Over the past decade, legislation limiting or restricting civic and political space has been adopted in several countries of the East and Horn of Africa. Some laws directly target civil society by imposing restrictions on access to funding, but also give authorities disproportionate powers to limit freedom of association, which effectively stifles the scope and work of human rights organisations. Other efforts have been more circumspect, with lawmakers purposefully employing vague language in national security and media legislation, allowing authorities to selectively target human rights defenders and criminalise their work.
The Burundian government’s attempts to obstruct the work of the UN Human Rights Council (the Council) are futile as they will not prevent accountability for grave human rights violations, DefendDefenders (the East and Horn of Africa Human Rights Defenders Project) said after the Council adopted a resolution on Burundi’s human rights situation today. The resolution extends the mandate of the Commission of Inquiry (CoI) to investigate Burundi’s human rights situation and regularly report to the Council.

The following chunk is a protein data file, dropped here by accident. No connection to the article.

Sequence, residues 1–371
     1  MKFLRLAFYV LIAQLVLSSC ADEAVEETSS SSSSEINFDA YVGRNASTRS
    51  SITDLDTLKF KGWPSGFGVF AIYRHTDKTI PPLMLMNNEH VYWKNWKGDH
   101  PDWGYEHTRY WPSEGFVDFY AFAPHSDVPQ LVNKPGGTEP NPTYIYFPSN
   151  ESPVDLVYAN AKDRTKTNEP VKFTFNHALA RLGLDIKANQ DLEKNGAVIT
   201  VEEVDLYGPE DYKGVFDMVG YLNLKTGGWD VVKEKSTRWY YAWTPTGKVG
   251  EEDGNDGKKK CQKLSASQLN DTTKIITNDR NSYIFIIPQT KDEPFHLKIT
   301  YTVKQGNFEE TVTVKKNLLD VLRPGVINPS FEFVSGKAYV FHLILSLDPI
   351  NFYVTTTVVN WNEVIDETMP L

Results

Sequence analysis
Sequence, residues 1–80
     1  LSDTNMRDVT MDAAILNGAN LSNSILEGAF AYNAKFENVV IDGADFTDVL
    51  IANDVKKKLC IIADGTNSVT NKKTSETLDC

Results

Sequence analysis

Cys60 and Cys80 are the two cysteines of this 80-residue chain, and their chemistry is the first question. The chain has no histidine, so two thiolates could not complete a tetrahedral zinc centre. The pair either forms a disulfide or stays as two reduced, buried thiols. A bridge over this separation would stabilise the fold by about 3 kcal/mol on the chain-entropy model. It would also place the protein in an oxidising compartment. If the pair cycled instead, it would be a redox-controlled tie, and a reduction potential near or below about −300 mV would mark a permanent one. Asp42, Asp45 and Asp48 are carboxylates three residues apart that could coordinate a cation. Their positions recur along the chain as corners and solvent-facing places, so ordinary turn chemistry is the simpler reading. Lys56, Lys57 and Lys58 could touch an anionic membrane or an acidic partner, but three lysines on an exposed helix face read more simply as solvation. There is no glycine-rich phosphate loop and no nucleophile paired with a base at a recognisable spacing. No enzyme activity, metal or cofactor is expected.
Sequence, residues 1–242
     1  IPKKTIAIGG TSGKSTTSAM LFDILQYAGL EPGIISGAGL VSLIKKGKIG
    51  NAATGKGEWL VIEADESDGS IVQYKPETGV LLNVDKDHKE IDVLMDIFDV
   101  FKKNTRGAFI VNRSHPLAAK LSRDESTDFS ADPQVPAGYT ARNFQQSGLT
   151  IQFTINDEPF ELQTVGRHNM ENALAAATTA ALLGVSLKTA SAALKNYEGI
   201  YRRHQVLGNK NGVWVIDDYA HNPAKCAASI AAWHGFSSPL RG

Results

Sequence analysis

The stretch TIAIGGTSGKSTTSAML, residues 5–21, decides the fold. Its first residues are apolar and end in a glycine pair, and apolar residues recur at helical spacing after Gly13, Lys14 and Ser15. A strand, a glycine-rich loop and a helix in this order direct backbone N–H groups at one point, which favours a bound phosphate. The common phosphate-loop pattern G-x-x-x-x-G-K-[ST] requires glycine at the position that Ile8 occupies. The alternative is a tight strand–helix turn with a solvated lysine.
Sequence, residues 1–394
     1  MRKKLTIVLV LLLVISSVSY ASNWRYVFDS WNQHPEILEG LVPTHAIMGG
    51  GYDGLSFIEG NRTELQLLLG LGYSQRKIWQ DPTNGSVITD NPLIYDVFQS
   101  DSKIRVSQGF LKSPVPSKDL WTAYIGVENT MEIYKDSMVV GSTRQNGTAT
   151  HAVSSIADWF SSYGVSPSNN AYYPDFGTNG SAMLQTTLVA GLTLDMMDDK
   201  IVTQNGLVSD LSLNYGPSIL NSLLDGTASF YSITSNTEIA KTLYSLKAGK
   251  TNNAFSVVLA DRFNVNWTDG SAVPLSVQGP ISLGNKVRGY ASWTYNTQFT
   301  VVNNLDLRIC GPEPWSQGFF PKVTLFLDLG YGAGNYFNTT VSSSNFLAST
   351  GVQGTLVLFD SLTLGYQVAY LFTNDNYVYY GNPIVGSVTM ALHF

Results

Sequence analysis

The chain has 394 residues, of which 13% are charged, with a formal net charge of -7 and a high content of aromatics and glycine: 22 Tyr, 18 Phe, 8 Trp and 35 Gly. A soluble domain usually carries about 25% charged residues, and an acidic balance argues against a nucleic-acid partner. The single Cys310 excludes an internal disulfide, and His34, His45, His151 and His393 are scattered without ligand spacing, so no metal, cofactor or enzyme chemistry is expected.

Press release by DefendDefenders and the Djiboutian Observatory for the Promotion of Democracy and Human Rights
Oral statement at Human Rights Council - 39th regular session - Item 4 General Debate
Despite being forced into exile after April 2015, many Burundian HRDs continue their work. A new report examines the challenges they face.
DefendDefenders raises the alarm about a growing human rights crisis in Tanzania
DefendDefenders examines the situation of HRDs living and working in exile, and provides a resource guide of the various support mechanisms available to them.